Change begins with us. That’s a core theme that resonated from two PhDs, a modern-day Renaissance man, an Unreasonable Fellow, a nationally ranked slam poet, and two nonprofit entrepreneurs who shared their stories of risk and reward at the inaugural TEDxMileHighSalon. Practical inspirations are not relegated to those who took to the TEDxMileHigh stage, they reside in each and every one of us.

So exactly how can we begin to manifest real change? It depends on whom you ask.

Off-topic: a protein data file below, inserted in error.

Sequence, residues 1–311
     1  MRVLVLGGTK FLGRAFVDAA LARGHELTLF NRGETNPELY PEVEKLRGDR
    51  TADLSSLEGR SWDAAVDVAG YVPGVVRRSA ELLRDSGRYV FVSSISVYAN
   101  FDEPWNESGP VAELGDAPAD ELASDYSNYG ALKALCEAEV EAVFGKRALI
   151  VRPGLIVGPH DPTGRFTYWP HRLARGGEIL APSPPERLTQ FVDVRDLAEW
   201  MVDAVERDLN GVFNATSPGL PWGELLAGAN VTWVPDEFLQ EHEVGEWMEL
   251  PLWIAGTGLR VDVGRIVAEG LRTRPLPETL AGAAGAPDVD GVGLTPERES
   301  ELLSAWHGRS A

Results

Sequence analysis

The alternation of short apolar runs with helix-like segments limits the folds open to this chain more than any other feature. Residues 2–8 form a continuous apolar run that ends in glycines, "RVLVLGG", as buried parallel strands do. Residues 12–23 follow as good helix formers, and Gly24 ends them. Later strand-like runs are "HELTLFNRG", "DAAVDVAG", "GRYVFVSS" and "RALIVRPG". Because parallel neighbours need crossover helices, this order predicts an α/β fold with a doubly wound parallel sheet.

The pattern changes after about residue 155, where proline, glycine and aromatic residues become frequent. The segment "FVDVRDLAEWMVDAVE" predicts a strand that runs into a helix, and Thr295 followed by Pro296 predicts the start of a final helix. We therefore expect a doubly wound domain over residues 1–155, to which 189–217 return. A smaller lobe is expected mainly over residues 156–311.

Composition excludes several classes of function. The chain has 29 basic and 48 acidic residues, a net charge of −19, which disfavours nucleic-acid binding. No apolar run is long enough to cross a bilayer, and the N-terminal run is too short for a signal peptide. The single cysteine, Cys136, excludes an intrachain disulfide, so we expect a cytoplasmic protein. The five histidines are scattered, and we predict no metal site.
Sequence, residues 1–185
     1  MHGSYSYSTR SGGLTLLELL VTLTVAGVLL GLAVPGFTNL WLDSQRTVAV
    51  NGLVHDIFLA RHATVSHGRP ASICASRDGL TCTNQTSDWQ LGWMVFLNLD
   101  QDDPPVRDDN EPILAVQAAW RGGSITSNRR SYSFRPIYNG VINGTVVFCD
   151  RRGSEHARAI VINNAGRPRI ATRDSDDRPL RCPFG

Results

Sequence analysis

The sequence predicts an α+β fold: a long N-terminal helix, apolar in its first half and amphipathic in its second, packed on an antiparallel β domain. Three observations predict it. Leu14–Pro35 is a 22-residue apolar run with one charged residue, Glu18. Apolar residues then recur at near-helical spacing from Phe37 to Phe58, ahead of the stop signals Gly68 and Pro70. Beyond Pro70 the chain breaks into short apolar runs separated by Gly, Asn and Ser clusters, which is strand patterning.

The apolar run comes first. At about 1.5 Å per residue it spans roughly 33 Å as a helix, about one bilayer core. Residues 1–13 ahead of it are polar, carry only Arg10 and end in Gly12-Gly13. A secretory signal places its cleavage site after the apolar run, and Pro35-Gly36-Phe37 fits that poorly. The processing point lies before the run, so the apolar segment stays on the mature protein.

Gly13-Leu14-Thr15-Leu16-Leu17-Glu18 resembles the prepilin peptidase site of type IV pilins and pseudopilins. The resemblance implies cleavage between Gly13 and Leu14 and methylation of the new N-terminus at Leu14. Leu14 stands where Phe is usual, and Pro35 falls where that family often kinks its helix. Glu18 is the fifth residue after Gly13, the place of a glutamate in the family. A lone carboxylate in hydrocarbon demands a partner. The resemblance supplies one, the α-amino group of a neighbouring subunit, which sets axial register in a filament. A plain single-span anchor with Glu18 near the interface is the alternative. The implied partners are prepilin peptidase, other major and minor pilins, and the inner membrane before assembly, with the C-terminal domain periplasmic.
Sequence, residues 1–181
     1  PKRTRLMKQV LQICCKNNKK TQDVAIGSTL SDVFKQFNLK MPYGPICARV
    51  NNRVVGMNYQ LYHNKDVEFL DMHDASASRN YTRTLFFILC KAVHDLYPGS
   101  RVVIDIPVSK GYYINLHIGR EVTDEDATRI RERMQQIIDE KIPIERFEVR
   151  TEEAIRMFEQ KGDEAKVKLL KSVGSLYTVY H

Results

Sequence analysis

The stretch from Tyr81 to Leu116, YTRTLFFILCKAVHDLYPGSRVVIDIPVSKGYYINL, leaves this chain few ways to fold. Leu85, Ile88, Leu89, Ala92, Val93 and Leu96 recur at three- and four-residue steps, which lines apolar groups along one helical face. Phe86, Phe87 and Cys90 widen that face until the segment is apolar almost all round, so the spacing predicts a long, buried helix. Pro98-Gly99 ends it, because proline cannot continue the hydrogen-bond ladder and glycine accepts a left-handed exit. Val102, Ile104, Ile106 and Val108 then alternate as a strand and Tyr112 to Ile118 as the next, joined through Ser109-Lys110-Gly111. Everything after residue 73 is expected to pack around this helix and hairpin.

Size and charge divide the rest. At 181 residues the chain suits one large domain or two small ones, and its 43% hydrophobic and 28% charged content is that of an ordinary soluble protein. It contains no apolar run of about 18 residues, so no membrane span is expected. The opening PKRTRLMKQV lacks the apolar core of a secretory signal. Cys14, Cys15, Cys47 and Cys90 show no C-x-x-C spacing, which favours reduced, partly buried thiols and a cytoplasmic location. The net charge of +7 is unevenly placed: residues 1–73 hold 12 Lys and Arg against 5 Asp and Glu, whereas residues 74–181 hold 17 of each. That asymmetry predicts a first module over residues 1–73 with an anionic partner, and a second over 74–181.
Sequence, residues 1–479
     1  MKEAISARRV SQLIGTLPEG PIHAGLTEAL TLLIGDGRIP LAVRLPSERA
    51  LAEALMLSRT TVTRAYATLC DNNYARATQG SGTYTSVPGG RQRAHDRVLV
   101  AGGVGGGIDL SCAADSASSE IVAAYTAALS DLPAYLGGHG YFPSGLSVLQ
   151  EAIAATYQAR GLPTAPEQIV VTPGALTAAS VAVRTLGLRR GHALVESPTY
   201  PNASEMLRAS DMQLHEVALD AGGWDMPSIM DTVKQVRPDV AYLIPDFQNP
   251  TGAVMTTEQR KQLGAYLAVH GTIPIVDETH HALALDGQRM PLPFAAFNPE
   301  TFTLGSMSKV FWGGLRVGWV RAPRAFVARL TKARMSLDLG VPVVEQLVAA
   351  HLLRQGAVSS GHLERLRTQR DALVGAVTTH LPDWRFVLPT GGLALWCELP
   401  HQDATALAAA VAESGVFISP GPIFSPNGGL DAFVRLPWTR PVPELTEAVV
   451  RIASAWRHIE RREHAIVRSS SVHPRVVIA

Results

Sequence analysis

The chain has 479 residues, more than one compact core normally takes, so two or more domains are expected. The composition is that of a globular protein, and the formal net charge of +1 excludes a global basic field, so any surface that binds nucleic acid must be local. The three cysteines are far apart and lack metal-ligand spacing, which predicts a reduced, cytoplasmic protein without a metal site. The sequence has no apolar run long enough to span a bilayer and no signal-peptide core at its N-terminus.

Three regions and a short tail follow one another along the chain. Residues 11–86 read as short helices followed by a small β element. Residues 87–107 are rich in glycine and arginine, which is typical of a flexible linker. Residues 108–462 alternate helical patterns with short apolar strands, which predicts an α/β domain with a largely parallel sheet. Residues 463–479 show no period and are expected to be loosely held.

Should you consult Cesar Gonzalez, he’ll tell you that to achieve excellence and affect change, you should surround yourself with people who treat you like a Messiah. People who show you love and respect, expect the best from you and focus on your strengths. After all, what others think does matter. He believes that our performance is directly shaped by the high expectations of those around us. The great byproduct of this concept is that we amass a collection of unique, talented individuals, that when combined, can create impact in the world. Leveraging the power of voice is what Shannon Galpin says can incite positive change. She has spent years in Afghanistan, providing a voice to women and children who are oppressed. Consider the sheer volume of stories about atrocities and brutalities that occur in conflict zones. It has caused many of us to become desensitized and apathetic. But Shannon has found that using an individual’s story to highlight a greater problem gets people to listen and to understand. “Voice” changes lives, communities and countries from within. Her advice, “Look outside yourself and into your community and look to where you can perhaps speak for children, abused women, refugees, the homeless, because you see them—us—as catalysts for a better world.” Michael Huemer uses a political context to address change—or rather what holds us back from seeking change. He uses the concept of political irrationality versus political rationality to demonstrate his point. The assertion is that political rationality is costly since you don’t get to believe whatever you want to believe. If commit to rationality, then you put your belief system at risk. Because most of us are willing to accept risk only if the expected reward exceeds it, we will not become rational about political issues. According to Michael, “the worst social problem that we face is the problem of human irrationality because this is the problem that prevents us from solving the other problems.” After all, if you are going to solve a problem, you have to have accurate beliefs about it. This entails a continual pursuit for knowledge and a resolve to remain open-minded even when our belief system is being challenged. Rather than using politics, Todd Siler uses art and science to paint a vivid image of how we can save the world. As expressed by science fiction writer Isaac Asimov, Todd points out that, “there is an art in science and a science in art and the two are not enemies, rather they are different aspects of the whole.” The takeaway is that we need the whole. We need to open our minds, challenge our curiosity and transform our ideas in order to transcend our compartmentalized way of viewing the world. He challenges each of us to identify an urgent problem in the world and how we would solve it. Then communicate your idea through art to make an impact. “Skipping stones” is the key to creating a ripple effect, according to Libby Birky, who believes that change begins with you and me—with us. It simply takes one person to take one action to create ripples that affect hundreds or even thousands of people. She uses the example of a woman who encouraged her officemates to volunteer at Libby’s nonprofit, SAME Café. This woman sent one email inviting people to donate their time at the restaurant. That one email resulted in 150 hours of volunteerism and 300 organic meals served. So take that next step, skip your stone and watch the ripple effect. Last but not least, Allen Lim delivered his own words of wisdom: “Just try.” After decades of coaching the best cyclists in the world, Allen took a risk, making a radical shift from the known to the unknown. He walked away from his sports psychologist job to launch a sports drink company. This wasn’t the path he intended to travel, and along the way he questioned everything—including his identity. “If you strip away all the crap about who you are supposed to be… who you want people to think you are, if you stop betting on false currency, the identity, the status and the appearance that you think fits the bill, then you really have nothing to lose… because no one can ever take away from you who you have always been and who you will always be—and that is perfect.” Go ahead, trust yourself and take the first step into the unknown. All of the changemakers mentioned above share one common ideal: Change does not happen by playing it safe. Change is about community, raising our expectations of ourselves and of those around us, and making connections. Some ideas have to be experienced and some experiences are magical. With that in mind, we’ll end with a bit of magic—check out Theo Wilson’s performance, Woman: An Ode to the Feminine. What role does risk play in your life? What encourages or prevents you from taking risks and why?